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Ramon Selles, Bilyana Manolova and Kevin Hoogeveen have received funding for their doctoral research at the UvA through the NWO programme PhDs in the Humanities. Financiers are the Programme Office Sustainable Humanities and the NWO domain Social Sciences and Humanities.

The accepted proposals:

Humans and nature in the Roman literary imagination, 50-100 CE
Ramon Selles, Amsterdam School of Historical Studies

How did the Romans understand the relationship between humans and nature? This project presents the first systematic study of how that relationship is represented in Latin literature from early imperial Rome (50-100 CE). Its focus is on three central themes in the literary sources: water management, land use, and animals. By means of an ecocritical analysis of selected passages from a wide variety of texts, from epic poetry to technical prose, this project provides insight into the larger cultural discourse on humans and their environment in imperial Rome.


Becoming Post-Socialist: Life Writing in Eastern Europe after 1989
Bilyana Manolova, Amsterdam School for Cultural Analysis

After socialism’s collapse, the people living in the former Eastern Bloc had to re-invent their individual and collective self-understandings. This project argues that life writing played a crucial role in this process. Focusing on a corpus of post-1989 autobiographical works across different media (text, film, and visual art) from Bulgaria, Russia, and Ukraine, the project examines how people experienced and documented the process of becoming post-socialist subjects. It formulates a new, relational approach to post-socialist subjectivity, and contributes to a more in-depth understanding of Eastern European identity politics.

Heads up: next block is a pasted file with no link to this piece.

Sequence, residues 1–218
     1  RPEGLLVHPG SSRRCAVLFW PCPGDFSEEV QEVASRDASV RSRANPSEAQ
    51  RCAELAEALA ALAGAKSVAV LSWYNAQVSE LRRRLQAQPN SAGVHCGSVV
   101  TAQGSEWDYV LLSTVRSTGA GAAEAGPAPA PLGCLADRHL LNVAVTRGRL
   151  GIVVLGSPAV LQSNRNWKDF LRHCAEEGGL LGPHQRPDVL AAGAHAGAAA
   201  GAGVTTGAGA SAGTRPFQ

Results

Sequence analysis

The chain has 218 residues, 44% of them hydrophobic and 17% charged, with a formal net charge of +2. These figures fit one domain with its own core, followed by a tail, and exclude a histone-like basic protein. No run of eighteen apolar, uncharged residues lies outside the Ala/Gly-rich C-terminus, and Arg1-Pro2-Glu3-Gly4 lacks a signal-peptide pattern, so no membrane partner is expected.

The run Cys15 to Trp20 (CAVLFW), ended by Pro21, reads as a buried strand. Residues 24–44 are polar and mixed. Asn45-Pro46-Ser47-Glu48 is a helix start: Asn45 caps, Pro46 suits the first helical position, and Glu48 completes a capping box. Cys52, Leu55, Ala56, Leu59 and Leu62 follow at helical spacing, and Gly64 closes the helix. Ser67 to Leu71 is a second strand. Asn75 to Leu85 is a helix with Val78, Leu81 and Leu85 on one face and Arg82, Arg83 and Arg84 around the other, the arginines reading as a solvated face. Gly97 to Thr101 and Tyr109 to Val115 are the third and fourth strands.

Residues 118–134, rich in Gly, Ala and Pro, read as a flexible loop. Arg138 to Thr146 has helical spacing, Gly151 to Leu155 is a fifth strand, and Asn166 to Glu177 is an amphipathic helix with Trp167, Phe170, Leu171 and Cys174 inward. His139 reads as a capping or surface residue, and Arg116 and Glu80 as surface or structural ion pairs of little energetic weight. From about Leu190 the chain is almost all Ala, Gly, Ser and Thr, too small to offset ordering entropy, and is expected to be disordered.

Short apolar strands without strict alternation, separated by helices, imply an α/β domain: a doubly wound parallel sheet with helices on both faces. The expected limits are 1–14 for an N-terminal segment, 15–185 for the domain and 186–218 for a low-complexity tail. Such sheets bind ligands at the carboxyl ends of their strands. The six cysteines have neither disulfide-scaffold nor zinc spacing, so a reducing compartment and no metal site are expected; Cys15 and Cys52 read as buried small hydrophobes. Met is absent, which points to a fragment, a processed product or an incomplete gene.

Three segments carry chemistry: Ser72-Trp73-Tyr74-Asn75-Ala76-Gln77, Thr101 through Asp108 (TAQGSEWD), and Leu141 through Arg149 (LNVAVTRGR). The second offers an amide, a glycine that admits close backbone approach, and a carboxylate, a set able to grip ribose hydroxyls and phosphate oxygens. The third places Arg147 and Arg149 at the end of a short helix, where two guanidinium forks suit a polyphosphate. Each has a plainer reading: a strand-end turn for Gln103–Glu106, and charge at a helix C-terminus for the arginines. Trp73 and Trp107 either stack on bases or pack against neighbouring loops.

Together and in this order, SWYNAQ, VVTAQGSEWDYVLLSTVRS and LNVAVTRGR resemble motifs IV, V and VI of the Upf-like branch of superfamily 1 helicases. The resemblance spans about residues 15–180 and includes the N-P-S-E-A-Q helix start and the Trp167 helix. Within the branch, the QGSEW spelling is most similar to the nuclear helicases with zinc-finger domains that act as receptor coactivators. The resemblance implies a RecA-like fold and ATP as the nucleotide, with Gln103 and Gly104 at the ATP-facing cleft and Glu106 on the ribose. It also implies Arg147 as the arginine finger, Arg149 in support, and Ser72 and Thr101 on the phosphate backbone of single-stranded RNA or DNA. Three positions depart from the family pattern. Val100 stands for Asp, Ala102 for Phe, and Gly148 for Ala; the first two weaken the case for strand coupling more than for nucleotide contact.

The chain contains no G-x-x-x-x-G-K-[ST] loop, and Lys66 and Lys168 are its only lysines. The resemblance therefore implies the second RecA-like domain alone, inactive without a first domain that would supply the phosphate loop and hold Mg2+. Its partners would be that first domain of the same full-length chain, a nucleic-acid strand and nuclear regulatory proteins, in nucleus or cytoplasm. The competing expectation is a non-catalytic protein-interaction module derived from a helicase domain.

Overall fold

The peasant’s potent move: Internal migration and the socio-economic transformation of Egypt, 284-642 CE
Kevin Hoogeveen, Amsterdam School of Historical Studies

What was the contribution of the rural population of Egypt to the big socio-economic changes of Late Antiquity? They have barely left any sources themselves, but others have written about them, especially about their migratory behavior. By studying this migratory behavior, this project intends to better understand which role the peasantry played in societal developments, as well as these societal developments themselves.